Stan State Earns Silver Ranking for Sustainability Efforts

July 31, 2020


Wendy Olmstead and students on campus in fall 2019.

Stan State’s sustainability efforts — from its environmental-friendly practices to its inclusion of sustainability issues in the curriculum — earned the University a silver rating in the Sustainability Tracking, Assessment and Rating System (STARS).

Created by the Association for the Advancement for Sustainability in Higher Education (AASHE), the STARS self-assessment report is voluntary for the 900 universities around the globe that are member institutions. It is, however, required by the CSU Chancellor’s Office, and all 23 CSU Universities are mandated to reach silver status by 2023.

Sustainability Director Wendy Olmstead, with assistance from students Emma Denison and Ashley Camarena-Morales, began conducting the assessment almost immediately after Olmstead was named to her position, new to Stan State, last September.

“We worked with 40 departments across campus,” Olmstead said. “We reached out to all stakeholders. There were not too many people on campus that haven’t participated in this. It cuts through the breadth of the entire University.”

Guided by AASHE’s 272-page online manual, Olmstead and her team gathered institutional data on student population and demographics, student housing, water usage, air and climate control of buildings, purchasing history of everything from office supplies to janitorial materials and such issues as what is being done by leadership, opportunities for women and whether staff and students are paid a living wage.

“I don’t think there’s anyone I didn’t talk to in the last nine months,” Olmstead said.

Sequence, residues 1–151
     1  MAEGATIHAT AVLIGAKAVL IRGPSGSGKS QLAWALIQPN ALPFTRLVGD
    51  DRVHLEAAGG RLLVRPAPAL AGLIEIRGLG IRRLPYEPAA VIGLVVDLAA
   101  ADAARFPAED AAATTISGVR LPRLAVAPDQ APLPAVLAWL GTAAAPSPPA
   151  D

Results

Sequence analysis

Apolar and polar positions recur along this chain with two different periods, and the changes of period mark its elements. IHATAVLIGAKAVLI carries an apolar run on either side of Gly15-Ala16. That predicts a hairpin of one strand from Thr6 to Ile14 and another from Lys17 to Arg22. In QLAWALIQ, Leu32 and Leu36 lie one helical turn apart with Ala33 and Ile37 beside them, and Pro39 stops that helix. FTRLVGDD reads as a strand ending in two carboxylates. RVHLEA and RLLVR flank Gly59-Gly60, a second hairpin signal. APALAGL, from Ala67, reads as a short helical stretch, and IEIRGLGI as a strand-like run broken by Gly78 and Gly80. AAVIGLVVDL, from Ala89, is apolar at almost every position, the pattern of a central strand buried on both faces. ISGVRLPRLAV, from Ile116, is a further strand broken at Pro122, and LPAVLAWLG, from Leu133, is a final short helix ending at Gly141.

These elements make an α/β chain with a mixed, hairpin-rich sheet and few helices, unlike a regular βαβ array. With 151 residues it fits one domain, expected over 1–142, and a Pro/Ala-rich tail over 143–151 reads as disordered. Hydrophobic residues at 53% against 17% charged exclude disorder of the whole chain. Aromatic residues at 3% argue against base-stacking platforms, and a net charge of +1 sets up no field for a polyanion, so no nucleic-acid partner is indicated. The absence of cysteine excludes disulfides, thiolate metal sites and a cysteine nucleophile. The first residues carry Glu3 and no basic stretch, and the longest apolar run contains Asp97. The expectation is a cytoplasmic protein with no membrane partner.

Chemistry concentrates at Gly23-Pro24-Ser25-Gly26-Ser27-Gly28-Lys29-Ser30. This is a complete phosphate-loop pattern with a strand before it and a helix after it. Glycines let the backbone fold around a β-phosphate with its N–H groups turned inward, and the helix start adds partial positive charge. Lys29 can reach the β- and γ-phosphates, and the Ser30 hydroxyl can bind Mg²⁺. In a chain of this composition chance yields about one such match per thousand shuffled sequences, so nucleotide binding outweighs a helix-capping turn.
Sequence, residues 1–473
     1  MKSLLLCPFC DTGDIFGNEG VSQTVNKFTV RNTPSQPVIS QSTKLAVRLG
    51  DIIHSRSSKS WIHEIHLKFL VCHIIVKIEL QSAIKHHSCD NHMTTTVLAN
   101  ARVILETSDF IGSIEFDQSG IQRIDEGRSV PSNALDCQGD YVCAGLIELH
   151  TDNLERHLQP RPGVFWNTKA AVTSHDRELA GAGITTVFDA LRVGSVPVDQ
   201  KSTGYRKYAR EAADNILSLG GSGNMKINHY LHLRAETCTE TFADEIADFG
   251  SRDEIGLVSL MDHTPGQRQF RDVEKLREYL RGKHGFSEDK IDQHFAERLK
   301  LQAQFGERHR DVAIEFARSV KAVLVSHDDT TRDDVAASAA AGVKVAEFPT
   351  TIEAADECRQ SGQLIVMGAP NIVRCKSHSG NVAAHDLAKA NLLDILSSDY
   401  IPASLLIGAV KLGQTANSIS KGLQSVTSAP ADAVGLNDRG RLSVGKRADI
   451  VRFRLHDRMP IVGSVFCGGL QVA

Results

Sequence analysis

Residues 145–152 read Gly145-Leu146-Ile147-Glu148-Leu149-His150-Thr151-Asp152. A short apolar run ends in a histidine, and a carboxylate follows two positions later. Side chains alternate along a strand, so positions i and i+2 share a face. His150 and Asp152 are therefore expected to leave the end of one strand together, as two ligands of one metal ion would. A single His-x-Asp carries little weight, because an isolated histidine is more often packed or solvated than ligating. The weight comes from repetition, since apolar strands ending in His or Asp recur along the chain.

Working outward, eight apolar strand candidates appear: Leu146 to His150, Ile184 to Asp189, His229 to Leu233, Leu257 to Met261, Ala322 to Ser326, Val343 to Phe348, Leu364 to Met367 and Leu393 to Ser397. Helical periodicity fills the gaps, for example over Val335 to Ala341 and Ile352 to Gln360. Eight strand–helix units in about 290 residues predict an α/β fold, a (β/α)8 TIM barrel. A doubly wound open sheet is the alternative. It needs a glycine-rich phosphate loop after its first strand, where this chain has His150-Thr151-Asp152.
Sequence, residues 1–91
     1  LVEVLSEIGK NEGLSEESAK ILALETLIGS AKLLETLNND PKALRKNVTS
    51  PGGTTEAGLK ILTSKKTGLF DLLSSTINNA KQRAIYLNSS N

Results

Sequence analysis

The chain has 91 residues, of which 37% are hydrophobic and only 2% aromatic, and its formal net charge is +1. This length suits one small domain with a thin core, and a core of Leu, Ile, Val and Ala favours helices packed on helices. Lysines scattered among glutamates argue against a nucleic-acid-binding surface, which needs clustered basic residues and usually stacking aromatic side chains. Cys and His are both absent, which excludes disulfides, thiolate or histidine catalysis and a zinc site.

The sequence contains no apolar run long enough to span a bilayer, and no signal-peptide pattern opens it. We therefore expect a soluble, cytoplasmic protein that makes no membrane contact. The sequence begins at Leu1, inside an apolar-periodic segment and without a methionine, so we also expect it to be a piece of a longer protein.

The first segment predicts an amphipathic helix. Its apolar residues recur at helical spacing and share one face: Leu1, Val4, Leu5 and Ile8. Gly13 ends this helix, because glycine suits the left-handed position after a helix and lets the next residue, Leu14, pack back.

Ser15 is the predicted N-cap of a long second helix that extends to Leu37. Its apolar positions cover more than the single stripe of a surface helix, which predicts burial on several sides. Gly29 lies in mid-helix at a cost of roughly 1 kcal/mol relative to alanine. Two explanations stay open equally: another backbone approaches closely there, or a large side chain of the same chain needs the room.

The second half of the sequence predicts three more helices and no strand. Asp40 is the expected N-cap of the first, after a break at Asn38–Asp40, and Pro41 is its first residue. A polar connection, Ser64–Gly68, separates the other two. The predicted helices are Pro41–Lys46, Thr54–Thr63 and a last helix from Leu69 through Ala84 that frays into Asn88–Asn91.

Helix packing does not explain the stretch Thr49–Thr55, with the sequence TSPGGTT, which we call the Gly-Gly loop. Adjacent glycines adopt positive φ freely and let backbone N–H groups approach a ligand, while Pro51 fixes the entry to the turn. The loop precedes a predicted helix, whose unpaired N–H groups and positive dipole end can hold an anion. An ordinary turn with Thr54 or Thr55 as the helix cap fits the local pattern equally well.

They collected and sorted the material, then put together a draft of the report, which Olmstead shared with the Stan State Council for Sustainable Futures for review. She then asked a team from Sacramento State, which has reached AASHE’s gold status, to review the work.

Olmstead tweaked the report based on suggestions from both entities before submitting it in April.

While working on the report, Olmstead said she could see the point value add up.

“When we hit bronze, we were ecstatic, and I knew we weren’t finished yet,” Olmstead said. “Then we hit silver and thought, this is great. You don’t go into it thinking you’ll be at this level. Then, when you go through the review process, you want to make sure you hang on to that many points.”

Stan State earned 52.5 points, exceeding the minimum 45 needed for silver status. The gold standard is 65 points, which has been achieved by five CSU campuses: Sacramento, Chico, Channel Islands, Northridge and Cal Polo San Luis Obispo.

“I think 65 points is doable for our campus,” Olmstead said.

Olmstead wasn’t altogether surprised by what the self-assessment revealed.

“Because I’m in facilities and have been talking to them longer than during the past year, I knew we were good on energy efficiency and cutting potable water use,” she said. “I was surprised to learn we divert 93 percent of construction material from demolition projects on the campus to be repurposed instead of going to landfill.”

The fact there are 150 sustainability-related courses offered “was a surprise and not a surprise,” Olmstead said. “I’m thinking there are more. As we continue to talk about sustainability, I think we can identify more courses that are teaching sustainability in some way.”

The report was based on 2019 information, and Olmstead already is looking ahead.

“I think we can get to gold,” she said. “There are things we’ve started since we completed the report.”